I'm not sure if it's history, lore or another tattooing on the body of Americana, but one fact is certain: I'm seeing it closer than anyone. In the basement of the house next door, the world's largest and most exhaustive collection of information on Easter Island is being boxed in preparation for a six-mile haul to the Smithsonian for permanent storage. Delivery is this week.
The boxer is Prof. Charles Love, 42, an anthropologist and geologist who teaches at Western Wyoming College in Rock Springs, Wyo., the state's fourth largest town. How this professor, Easter Island and the Smithsonian-bound treasure came to be next door is a tale of high intellectual romance, one that shouldn't be lost on the back shelves of scholarship. If I had to say who was closer to the truth of the ages, the archeologists who get mud on their hands or the historians who conjecture in their office about the meaning of the mud, I'd choose the archeologists.
That was the choice of Bob Alexander, my neighbor for the past decade and who, until his death at 80 last August, knew more about the literature of Easter Island than anyone on earth. That grand-scale claim is supported by such world-class judges as Charlie Love, who apprenticed under William Mulloy, the legendary Wyoming anthropology professor known as the only researcher who made repeated field trips to Easter Island from the 1950s through the '70s. Mulloy was part of the heralded Norwegian expedition that Thor Heyerdahl led in 1955.
As an amateur judge of Easter Island authoritativeness, I would go along with the reputation earned by Bob Alexander. In 10 years of living-room conversations with him -- he had vinegary opinions on world issues and wry commentaries on neighborhood ones -- I don't recall ever asking a question about Easter Island that did not receive a definitive, annotated and, if needed, footnoted answer. It is true that my one-part questions often received four-part replies and that on occasion I had to lie on the sofa when the follow-up came for the next and-that-reminds-me-of-the-time anecdote. Standing, sitting or lying, I knew that in this city of experts, here really was one.
Bob Alexander, who moved into his house in 1945 with his wife Zoe, served for 25 years with the Defense Intelligence Agency. He was born in Japan to missionary parents. Harvard University Press published his book "Kokuji," which explained the relationship between Chinese and Japanese linguistics. After visiting Easter Island in 1975, he began his collecting spree.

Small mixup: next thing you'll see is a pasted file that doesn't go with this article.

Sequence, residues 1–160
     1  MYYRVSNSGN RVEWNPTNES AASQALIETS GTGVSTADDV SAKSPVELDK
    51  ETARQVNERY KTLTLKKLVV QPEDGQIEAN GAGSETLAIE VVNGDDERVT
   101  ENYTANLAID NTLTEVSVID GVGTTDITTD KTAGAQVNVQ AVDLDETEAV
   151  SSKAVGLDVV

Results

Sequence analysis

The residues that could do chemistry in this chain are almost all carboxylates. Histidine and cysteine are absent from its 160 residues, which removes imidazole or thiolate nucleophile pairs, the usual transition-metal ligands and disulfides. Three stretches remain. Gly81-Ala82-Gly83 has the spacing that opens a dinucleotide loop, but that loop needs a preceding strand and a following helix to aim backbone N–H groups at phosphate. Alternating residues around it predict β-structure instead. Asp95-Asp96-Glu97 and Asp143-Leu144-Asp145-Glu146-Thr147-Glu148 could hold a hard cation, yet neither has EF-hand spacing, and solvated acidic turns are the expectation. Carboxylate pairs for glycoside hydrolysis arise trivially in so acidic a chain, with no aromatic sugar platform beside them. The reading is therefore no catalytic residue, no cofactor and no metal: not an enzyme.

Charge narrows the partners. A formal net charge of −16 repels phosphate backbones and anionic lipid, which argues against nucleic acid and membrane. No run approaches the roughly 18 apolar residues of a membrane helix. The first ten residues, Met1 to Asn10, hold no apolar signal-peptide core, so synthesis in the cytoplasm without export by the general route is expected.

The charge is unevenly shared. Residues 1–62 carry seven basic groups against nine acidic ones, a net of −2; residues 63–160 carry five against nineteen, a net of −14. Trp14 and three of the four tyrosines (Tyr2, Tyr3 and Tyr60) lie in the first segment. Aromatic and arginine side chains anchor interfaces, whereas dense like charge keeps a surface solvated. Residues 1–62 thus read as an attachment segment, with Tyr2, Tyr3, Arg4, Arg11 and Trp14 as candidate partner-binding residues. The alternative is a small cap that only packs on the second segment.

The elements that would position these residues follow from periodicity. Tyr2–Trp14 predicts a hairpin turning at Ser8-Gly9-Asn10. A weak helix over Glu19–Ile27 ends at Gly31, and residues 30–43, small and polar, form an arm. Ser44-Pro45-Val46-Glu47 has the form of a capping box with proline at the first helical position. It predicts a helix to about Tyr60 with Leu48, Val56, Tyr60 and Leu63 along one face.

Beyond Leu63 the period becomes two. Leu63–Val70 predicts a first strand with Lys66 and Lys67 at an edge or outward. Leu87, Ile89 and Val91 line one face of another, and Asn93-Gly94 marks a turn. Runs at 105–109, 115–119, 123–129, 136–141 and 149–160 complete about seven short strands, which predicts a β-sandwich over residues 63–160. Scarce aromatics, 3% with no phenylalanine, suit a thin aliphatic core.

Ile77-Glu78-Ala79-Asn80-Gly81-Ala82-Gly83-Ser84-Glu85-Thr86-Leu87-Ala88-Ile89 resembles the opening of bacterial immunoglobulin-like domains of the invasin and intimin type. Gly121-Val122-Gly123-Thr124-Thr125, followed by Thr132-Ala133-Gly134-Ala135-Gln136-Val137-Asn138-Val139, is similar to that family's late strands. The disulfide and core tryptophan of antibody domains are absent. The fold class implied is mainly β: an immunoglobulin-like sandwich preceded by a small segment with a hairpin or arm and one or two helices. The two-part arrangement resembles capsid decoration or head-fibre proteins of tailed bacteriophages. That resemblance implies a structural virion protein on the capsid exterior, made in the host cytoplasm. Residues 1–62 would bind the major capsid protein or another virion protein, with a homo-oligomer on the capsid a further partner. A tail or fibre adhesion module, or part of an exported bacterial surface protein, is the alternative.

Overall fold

The major legacy is a bibliography that has nearly 3,000 entries of articles, papers, tapes, photographs, books and other material on the subtropical island that is the most isolated habited place on earth. At the Smithsonian, Adrienne Kaeppler, the curator for oceanic ethnology in the anthropology section of the Museum of Natural History, elatedly reports that the gift of the Alexander collection has created "a feeling of excitement. It is quite unusual for a gift like this to come in unannounced."
Announcements were a form of needless self-adventuring to Bob Alexander. They would have taken him outside his scholarly world of libraries and his basement retreat. His shelves there were lined with Russian, Czechoslovakian, French and Japanese books on the barren rock island that is 12 miles long and 2,300 miles west of Chile and 2,100 miles this side of Tahiti. Whatever anyone could want to know about what others know about Easter Island has passed through Alexander's hands. His bibliography carries the light: an article from a travel club on "Christmas Day on Easter Island"; the heavy: an Australian account of an "excavation of a rectangular house on the east rim of Rano Kau Volcano"; The obscure: an entomologist's paper on "the orthopteroid insects of Easter Island"; the popular: John Dos Passos' book "Easter Island: Island of Enigmas."
Through their mutual devotion to scholarship, Alexander and Love bonded in a rare friendship. The Wyoming professor has been spending the early summer in the Alexander basement sorting and filing what his older guide began 10 years ago.
In 1982, Love delivered an address at the Smithsonian that helps explain his devotedness: "One of the major mysteries about Easter Island -- since it has enormous stone statues and enormous ceremonial centers -- stems from what I would consider to be a western viewpoint. We, in our minds, don't want to allow tribal people the ability to do impressive things, least of all in isolation. They aren't supposed to carve 85-ton statues and move them four miles. They're not supposed to haul huge stones around or make 15-foot-high walls . . . Not only that, but they made 300 of these ceremonial plazas and carved nearly 1,000 statues. Nobody ever told them they weren't supposed to do that."
People probably told Bob Alexander that he wasn't supposed to become the world's librarian on Easter Island, or that at least he should have waited for a government program or a foundation grant to begin the work. Like an archeologist, he dug deep into his own best instincts. What he found was the joy of his life and the surprise of the neighborhood.